Russian Pawn Storm APT group spied on punk band and others
Trend Micro says the Russian APT group, Pawn Storm, has been spying on domestic targets, including a punk rock band known as Pussy Riot. The group has also targeted a Russian software developer, politicians, artists and journalists in the country.
By studying phishing campaigns conducted by Pawn Storm, Trend Micro has come to its conclusion. The APT group spreads its malware via emails, which attempt to trick users into clicking on malicious files or links.
“Pawn Storm's targets have mostly been external political entities outside of Russia, but after our analysis we found that a great deal of targets can actually be found within the country's borders,” wrote Feike Hacquebord, a Trend Micro threat researcher, in a blog post on Tuesday.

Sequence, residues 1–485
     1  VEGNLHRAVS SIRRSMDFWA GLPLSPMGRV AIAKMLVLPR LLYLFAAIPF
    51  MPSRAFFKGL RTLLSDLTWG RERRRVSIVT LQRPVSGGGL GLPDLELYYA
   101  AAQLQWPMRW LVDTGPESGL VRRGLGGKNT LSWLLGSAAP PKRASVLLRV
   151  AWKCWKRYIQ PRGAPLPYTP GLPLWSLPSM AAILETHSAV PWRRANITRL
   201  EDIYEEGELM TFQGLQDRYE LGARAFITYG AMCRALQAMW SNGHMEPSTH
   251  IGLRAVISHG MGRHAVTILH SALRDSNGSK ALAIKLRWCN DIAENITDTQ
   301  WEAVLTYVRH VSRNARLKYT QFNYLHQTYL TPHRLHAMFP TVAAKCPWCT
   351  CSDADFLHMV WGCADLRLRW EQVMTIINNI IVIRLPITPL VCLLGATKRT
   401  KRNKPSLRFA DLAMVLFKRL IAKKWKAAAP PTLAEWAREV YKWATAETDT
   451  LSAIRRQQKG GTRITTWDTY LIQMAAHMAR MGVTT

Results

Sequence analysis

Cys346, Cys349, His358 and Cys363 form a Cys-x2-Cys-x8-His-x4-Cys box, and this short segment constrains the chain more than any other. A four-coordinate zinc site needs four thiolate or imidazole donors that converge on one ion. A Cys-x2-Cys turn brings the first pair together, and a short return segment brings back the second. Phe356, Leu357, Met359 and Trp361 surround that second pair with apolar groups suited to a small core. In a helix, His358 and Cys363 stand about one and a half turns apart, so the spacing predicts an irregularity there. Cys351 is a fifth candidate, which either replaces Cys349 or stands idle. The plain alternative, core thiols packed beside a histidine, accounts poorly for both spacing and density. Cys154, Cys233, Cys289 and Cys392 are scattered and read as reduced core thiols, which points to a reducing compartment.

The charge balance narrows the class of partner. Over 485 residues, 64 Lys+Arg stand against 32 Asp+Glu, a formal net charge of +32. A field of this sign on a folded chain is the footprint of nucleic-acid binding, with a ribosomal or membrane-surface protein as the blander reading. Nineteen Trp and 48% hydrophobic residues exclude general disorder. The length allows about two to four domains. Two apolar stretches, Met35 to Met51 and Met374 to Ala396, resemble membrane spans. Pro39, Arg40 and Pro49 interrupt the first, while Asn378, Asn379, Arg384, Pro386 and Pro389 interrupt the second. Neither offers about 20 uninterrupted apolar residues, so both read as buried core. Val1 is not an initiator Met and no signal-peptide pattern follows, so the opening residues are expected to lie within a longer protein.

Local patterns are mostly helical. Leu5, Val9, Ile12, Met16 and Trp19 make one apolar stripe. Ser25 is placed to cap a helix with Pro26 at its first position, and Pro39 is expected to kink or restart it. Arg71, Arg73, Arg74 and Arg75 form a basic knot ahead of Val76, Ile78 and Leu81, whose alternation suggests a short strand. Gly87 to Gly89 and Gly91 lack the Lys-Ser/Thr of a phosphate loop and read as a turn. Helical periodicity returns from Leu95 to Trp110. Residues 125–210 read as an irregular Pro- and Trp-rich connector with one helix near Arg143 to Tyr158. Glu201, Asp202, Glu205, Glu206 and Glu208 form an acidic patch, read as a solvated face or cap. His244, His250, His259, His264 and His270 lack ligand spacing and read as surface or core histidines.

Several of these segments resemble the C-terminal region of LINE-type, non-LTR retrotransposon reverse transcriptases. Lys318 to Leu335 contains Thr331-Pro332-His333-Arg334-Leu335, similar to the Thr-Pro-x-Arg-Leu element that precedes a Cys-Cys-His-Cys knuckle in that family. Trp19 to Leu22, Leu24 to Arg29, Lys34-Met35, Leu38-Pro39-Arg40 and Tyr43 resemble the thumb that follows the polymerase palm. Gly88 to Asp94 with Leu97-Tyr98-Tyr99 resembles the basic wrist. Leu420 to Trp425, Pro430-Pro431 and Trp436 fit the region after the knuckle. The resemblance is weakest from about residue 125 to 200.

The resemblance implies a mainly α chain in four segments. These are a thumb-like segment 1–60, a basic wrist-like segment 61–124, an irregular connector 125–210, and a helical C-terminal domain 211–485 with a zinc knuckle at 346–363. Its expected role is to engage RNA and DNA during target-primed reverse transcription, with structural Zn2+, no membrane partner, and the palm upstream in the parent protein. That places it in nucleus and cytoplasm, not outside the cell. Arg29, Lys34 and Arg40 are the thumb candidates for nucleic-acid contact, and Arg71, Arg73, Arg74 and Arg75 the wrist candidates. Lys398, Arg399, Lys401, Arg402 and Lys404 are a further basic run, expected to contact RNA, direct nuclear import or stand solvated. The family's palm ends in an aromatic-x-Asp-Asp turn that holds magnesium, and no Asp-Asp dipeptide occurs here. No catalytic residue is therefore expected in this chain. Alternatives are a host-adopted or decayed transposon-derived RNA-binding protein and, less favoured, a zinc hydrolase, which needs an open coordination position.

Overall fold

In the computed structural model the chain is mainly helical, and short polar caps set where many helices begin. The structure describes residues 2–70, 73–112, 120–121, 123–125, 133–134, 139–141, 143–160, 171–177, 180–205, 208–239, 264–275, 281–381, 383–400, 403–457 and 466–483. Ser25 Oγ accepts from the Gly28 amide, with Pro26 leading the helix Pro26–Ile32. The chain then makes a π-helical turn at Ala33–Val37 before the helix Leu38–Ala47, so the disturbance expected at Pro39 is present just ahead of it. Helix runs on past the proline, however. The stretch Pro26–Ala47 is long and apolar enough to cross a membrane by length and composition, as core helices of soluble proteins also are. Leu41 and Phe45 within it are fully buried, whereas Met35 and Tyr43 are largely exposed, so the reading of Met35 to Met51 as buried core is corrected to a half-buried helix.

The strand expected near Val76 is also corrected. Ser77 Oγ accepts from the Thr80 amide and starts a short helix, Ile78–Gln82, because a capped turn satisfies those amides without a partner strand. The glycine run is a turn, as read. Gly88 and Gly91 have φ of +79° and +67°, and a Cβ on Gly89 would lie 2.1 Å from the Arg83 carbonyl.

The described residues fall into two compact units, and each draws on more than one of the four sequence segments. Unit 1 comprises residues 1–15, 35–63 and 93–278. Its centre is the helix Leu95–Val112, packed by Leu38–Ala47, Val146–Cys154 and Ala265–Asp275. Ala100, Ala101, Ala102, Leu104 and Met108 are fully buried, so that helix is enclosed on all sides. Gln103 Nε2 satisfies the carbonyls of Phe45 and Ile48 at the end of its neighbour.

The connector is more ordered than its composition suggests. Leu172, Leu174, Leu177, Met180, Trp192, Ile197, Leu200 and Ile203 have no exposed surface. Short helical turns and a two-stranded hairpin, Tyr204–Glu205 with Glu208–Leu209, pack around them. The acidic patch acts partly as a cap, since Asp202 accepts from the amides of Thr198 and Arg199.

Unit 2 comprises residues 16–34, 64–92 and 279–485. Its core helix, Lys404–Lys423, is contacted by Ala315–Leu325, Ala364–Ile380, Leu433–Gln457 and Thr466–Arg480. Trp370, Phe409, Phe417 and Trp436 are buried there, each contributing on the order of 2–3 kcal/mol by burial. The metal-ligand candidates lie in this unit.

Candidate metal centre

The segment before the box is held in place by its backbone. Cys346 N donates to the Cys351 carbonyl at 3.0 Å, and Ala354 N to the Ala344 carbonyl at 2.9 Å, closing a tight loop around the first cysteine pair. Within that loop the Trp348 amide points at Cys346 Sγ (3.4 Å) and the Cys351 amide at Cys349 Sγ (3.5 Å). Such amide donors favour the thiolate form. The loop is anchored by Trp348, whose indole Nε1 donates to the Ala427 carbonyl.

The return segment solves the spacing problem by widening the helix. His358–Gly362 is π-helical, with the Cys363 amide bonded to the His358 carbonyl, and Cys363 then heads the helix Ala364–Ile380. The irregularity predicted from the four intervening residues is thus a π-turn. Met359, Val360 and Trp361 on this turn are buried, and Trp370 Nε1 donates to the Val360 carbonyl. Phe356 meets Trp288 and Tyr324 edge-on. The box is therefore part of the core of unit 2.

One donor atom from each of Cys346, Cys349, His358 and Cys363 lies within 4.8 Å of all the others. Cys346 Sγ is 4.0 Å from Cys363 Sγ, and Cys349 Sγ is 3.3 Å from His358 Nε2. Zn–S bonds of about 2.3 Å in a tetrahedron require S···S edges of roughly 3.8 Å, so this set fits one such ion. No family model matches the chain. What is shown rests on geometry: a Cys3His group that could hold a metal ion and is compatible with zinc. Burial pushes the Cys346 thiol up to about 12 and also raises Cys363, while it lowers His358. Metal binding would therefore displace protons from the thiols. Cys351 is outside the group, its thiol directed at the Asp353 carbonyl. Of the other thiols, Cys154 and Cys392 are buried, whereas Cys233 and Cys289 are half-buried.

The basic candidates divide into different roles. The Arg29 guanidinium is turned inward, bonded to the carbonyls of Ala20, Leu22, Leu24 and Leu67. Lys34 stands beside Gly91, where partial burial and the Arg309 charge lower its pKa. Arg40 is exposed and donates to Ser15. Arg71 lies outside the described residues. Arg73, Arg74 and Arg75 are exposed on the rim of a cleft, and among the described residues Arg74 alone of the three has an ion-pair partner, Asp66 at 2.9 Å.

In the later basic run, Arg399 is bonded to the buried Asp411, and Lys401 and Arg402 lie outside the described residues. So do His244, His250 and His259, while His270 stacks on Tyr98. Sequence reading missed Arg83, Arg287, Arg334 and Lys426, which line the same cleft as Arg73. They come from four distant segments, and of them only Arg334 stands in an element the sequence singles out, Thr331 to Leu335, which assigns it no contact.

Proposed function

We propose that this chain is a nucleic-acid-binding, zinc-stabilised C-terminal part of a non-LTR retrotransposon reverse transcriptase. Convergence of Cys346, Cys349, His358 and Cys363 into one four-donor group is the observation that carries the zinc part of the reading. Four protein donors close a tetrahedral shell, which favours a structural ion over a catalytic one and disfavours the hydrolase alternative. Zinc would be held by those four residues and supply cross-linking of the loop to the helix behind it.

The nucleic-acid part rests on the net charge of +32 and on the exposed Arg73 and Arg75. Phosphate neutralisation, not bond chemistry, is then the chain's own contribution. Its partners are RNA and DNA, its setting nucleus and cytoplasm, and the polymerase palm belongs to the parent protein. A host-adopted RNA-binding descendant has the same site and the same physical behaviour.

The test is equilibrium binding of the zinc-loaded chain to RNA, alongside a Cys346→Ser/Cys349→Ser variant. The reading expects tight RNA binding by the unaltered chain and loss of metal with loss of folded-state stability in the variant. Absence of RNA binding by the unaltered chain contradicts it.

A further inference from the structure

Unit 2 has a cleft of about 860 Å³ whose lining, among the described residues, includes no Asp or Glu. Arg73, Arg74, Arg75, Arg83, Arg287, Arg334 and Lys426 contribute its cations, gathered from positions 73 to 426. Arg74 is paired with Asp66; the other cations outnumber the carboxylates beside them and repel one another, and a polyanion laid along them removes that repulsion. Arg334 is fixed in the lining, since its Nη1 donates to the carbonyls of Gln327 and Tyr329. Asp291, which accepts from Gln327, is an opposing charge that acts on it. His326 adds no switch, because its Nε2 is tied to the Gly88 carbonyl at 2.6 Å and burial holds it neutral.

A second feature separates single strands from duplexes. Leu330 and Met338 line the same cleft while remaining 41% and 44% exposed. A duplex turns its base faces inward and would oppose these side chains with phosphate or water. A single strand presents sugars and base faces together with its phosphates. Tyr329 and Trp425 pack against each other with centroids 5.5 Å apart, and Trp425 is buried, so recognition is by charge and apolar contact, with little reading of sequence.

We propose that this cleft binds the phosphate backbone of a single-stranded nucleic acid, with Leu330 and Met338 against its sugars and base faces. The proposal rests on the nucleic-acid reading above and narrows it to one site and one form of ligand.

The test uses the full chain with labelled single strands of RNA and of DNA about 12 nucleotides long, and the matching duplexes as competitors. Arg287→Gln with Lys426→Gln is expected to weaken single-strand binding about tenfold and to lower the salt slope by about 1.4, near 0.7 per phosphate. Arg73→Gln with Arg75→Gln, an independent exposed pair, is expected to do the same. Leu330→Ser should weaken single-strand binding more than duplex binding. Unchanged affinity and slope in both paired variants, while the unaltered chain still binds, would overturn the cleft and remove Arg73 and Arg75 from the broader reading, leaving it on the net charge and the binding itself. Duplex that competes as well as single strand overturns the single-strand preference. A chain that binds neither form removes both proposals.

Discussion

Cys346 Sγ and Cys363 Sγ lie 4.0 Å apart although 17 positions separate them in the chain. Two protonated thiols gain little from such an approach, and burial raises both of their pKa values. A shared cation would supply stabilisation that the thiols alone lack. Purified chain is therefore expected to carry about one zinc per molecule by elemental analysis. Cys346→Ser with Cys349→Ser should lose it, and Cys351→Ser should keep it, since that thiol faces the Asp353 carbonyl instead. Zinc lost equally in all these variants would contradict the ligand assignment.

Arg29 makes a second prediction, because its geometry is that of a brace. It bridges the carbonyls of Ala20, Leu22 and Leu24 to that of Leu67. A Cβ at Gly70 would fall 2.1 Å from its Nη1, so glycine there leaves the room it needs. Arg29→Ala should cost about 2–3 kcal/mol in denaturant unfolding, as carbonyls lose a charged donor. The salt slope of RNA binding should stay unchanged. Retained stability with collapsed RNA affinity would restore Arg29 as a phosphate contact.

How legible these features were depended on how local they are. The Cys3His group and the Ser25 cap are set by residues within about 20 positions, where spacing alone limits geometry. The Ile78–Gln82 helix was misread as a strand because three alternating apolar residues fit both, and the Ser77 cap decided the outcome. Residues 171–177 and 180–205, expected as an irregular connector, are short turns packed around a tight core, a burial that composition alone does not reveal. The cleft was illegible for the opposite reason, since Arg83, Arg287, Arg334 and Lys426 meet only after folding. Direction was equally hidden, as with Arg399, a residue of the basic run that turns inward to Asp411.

They analysed 12,000 phishing attacks, which sought to steal login credentials from the past two years. The latest analysis showed two members of the band Pussy Riot have been targeted along with a popular Russian rock star.
Russia imprisoned three members of the band after they staged an impromptu performance in a Moscow church in early 2012. The group was highly critical of the Russian government.
Another instance showed that Pawn Storm targeted an active Russian military attache working in a NATO county, which “makes the spies'motivations even more intriguing,” Hacquebord wrote.
Locations of the top three most targeted people were Ukraine, followed by the US and the UK.